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both Abel and Jacob! for 'wasting' their time on elliptic fune- ..
tions while there were still problems in heat-conduction to be:
4 It is trae% Jacobi says, sthat M. Fourier had the opinion that
the principal aim of mathematics was public utility and the
explanation of natural phenomena; but a philosopher like Mm,
should have known that the sole end of science is the honour of
the human mind, and that under this title a question about
numbers is worth as much as a question about the system of the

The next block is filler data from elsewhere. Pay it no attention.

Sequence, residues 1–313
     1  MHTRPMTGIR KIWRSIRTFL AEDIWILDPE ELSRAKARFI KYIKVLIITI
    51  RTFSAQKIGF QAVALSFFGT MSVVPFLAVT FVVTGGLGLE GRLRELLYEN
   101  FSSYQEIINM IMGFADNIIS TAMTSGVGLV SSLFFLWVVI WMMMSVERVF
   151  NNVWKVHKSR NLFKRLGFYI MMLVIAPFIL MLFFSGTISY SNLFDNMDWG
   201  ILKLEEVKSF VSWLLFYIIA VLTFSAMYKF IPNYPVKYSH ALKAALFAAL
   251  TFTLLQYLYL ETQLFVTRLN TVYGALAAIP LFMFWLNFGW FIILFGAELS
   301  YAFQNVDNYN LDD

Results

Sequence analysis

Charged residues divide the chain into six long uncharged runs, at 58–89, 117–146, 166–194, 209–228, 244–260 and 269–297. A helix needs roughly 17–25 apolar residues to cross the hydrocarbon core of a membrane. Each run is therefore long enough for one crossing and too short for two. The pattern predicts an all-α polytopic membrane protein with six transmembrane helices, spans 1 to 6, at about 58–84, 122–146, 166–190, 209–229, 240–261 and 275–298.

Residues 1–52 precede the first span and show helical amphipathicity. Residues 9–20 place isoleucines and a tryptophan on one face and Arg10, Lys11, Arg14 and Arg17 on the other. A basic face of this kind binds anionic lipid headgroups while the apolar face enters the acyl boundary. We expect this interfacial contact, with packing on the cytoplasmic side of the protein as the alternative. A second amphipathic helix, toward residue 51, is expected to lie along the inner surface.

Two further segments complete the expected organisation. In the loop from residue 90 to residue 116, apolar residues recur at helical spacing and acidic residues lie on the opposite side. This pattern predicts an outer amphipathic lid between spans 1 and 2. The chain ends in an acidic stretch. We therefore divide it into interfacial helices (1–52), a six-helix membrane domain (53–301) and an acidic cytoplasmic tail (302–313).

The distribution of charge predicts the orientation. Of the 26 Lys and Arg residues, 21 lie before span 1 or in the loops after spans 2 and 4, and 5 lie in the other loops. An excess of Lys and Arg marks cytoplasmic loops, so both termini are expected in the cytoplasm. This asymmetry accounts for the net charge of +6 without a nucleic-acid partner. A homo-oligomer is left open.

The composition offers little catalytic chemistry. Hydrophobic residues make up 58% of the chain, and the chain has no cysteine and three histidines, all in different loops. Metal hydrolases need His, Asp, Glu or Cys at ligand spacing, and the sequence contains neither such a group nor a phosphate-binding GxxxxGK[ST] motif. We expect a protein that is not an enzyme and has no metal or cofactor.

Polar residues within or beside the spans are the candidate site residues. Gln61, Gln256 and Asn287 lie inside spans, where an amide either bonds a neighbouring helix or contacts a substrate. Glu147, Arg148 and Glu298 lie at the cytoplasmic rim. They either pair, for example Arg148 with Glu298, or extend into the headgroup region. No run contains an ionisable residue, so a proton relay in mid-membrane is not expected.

If Fourier could revisit the glimpses of the moon he might be
disgusted at what has happened to the analysis he invented for
'public utility and the explanation of natural phenomena*. So
far as mathematical physics is concerned Fourier analysis to-
day is but a detail in the infinitely vaster theory of boundary-
value problems, and it is in the purest of pure mathematics that
the analysis which Fourier invented finds its interest and its
justification. Whether 'the human mind' is honoured by these
modern researches may be put up to the experts - provided the
behaviourists have left anything of the human mind to be